Other articles about Android calls

How to Make Picture-in-Picture Mode on Android With Code Examples

WebRTC on Android

How to Make a Custom Call Notification on Android? With Code Examples

What Every Android App With Calls Should Have

Bottom line

        Great, here we have implemented the perfect UX of switching between Android sound output devices in our app. The main advantage of this approach is that it is almost independent of the specific implementation of calls: in any case, the played audio will be controlled by `AudioManager’, and we control exactly at its level!


Naseem from MobyTap, ‘You guys know what you’re doing.’

Our copywriter Nikita talked to Naseem, the CEO & Founder of MobyTap, a video review platform. On MobyTap, businesses can show how much they love their customers, and how much their customers love them back. Naseem came to us in 2016, and after 5 years of cooperation, he definitely has something to tell us!

Software Development Reviews – MobyTap

Was Fora Soft your first choice?

Amazingly it was Vadim (the Sales Head at Fora Soft) who found me. I was on an online auction platform; I had lots of offers, and I chose my company. But when Vadim approached me, I was like, okay, let’s chat. His personality and everything he did was professional. I thought ‘even though we’ve done the contract with somebody else, why not.’ He asked me to give Fora Soft an opportunity, and I did. And that’s where the ball got rolling.

So, it was Vadim who swooped in and won you with his personality, right?

Yeah, he’s shown me some examples of the work you’ve done, I was really impressed with that.

Share any before and after working with us?

It was my 1st time developing an app. I’ve been in the recycling business for the past 15 years. So when the idea came to me, I thought recycling and video apps are worlds apart. But since my customers love what we do, that’s the easiest way to get feedback and reviews. And I thought, yeah, make an app. Sounds simple, but when you get into it, you realize that it’s not as simple.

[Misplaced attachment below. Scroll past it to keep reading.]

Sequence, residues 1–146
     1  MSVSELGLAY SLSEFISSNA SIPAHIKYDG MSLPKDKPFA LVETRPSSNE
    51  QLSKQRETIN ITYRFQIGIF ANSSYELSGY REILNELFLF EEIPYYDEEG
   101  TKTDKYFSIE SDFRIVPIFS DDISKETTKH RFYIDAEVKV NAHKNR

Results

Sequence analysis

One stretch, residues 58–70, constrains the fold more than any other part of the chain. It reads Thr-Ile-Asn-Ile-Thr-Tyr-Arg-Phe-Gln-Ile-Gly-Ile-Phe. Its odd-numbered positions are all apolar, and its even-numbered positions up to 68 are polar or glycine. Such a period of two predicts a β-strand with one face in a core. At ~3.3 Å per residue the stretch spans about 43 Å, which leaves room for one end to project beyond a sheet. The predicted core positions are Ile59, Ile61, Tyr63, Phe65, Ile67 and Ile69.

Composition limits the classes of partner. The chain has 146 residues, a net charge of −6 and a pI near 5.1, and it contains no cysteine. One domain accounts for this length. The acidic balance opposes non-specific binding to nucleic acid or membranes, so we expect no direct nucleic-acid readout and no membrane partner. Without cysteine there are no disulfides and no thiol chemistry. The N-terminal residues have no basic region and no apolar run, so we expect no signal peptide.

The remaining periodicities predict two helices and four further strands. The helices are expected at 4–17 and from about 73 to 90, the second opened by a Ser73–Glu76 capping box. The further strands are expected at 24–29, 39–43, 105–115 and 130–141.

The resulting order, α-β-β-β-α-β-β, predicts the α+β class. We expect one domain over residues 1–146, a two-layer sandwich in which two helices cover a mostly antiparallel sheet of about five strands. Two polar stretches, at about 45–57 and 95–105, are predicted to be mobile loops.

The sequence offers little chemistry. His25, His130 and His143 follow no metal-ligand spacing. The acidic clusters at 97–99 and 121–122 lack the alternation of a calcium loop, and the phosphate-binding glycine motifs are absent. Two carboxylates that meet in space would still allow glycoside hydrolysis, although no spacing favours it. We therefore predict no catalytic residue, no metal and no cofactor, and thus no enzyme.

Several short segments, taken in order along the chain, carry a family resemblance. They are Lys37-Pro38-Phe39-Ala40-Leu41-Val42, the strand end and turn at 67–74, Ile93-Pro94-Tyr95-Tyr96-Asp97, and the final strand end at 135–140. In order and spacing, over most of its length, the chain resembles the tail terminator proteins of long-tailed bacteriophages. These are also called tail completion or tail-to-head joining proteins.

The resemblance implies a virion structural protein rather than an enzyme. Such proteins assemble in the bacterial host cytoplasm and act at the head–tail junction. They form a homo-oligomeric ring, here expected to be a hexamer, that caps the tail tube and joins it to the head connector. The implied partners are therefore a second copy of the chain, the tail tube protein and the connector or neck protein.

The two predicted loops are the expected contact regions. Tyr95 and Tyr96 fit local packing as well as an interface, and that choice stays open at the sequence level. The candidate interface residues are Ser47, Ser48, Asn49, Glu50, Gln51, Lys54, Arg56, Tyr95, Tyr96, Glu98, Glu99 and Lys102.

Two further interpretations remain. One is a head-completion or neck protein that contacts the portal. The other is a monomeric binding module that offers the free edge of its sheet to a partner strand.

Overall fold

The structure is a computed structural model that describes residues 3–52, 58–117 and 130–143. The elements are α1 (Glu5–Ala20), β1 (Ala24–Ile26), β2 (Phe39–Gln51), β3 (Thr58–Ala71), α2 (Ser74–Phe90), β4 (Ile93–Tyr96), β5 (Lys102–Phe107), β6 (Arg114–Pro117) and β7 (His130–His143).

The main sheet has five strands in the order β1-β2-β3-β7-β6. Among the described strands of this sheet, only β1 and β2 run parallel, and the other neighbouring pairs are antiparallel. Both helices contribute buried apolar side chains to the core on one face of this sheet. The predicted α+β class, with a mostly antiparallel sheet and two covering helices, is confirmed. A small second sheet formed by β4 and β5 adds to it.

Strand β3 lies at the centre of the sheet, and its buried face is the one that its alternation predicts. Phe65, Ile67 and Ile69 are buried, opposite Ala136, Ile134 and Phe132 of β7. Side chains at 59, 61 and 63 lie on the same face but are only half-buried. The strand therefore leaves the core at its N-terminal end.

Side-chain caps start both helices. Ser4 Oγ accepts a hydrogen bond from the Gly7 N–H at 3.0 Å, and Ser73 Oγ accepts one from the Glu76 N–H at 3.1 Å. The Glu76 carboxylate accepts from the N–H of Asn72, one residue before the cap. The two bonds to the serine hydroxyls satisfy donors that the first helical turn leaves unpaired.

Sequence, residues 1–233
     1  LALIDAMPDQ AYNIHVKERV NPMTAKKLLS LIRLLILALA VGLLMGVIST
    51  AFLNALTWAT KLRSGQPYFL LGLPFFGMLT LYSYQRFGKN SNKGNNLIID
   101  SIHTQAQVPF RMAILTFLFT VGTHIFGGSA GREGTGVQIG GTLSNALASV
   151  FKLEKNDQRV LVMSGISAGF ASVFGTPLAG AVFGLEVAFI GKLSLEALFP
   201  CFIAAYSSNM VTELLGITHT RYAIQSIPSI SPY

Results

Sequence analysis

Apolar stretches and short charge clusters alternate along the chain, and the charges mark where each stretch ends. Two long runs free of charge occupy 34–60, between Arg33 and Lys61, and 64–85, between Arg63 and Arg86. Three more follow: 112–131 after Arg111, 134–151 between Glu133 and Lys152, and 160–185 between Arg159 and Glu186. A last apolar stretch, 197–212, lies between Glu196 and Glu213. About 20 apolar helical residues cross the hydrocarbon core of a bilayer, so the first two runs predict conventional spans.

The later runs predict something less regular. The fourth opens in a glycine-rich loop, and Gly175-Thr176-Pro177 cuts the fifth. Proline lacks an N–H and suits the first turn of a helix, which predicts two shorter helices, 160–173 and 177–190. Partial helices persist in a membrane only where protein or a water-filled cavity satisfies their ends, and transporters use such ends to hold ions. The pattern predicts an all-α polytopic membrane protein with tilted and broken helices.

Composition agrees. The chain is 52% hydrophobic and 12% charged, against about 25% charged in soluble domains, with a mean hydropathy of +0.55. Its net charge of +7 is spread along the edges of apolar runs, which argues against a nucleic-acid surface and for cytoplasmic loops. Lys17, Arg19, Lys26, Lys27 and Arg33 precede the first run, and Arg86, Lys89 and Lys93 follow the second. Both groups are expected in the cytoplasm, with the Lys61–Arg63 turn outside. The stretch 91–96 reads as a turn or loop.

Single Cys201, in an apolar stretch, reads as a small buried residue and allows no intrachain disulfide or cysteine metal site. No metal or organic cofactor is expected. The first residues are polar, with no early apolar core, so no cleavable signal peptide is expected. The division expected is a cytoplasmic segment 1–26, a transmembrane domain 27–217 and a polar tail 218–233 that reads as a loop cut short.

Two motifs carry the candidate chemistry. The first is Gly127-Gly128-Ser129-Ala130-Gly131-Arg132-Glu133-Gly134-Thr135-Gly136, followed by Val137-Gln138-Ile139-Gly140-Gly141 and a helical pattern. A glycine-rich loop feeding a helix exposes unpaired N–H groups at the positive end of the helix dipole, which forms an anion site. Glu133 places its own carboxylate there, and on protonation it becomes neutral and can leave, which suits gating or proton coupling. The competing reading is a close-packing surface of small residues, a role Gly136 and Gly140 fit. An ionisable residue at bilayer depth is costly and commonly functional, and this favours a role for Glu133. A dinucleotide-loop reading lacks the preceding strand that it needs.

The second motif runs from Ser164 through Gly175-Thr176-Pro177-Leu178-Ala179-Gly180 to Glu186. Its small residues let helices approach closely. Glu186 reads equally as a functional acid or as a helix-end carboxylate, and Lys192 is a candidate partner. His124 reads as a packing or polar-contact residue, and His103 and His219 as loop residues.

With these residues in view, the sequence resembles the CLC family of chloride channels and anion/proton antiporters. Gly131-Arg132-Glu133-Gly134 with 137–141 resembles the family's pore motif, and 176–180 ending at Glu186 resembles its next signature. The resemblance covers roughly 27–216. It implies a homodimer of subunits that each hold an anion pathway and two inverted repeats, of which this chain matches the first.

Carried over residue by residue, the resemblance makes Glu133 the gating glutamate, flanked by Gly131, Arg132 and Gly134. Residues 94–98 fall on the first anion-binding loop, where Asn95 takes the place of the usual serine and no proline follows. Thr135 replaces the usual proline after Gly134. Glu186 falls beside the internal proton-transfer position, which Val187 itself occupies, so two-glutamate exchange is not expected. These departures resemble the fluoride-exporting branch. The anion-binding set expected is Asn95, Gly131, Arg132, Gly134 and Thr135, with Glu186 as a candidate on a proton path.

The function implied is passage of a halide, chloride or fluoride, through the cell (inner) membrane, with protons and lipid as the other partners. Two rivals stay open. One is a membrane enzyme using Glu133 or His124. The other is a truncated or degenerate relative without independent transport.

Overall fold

Can you share any measurable figures, such as revenue, number of crashes, etc?

Not many crashes. It’s just been a continuous improvement. So all we’ve been doing is improving the app, making it better. And your team is fabulous. It was all about communication, and getting my message to you. You guys made life very easy, and that’s what the business is about. It took a couple of years but the job was well done, compared to the other company I had used. I literally had to cancel them and let you do the whole app.

Hands down, you guys know what you’re doing.

Those guys took a lot of time and messed up. And you guys clearly showed that you’re professional in what you do. It makes me very happy.

Thank you for your kind words. Were there any difficulties while working with us?

The only difficulty was the technology wasn’t there, so we were doing things that were 4-5 years ahead. Things that Google was catching up with. We got stuck where we needed to make it simpler for the users to input the domain name of any company in the world. If you’re doing a review, the app would find where you’re located and find the local business you’re reviewing. Nobody in the world had done that. And Google, just that year, had finished their SDK for Android. We were stuck for 4-5 months. How do we get the whole world’s domain names into the app? Then the idea came. Well, Google’s doing an SDK, could we use it? And then your team said, “We could do it”. Several months of work are saved.

You guys literally saved me a fortune by coming up with an idea of how to get the whole world’s domain names into the app.

And it works today! Because of you, guys.

Can you rate us in terms of professionalism, communication, and dedication?

Not even thinking about the score. It’s 10/10 straight up.

Do you have anything else to add?

The best thing with Fora Soft is aftercare.

You’ve raised the bar so high now, I expect it from every company.

The aftercare was so great, and the communication was amazing, it blew me away. Even in the UK here, in England, we don’t get that aftercare.

You guys looked after me and literally held my hand. Any issues that arose, you fixed them instantly, it’s like waving a magic wand. You don\t get that much in the tech world.

You’ve proved that you can find a good company online that will do what you want with your budget. If you got a small budget or a high budget, you’ve managed it perfectly. I think it’s been 5 years now.

So, if somebody needs a video app, I instantly think of you and pass them your number and details.

Thank you very much! Even though recycling and video apps are, as you said, worlds apart, we do wish you all the best.

Got a project idea of your own? Maybe, you’ve tried to make it come to fruition but are dissatisfied with the results? Contact us using the form on this website, and we’d be happy to review your case and offer the best solution.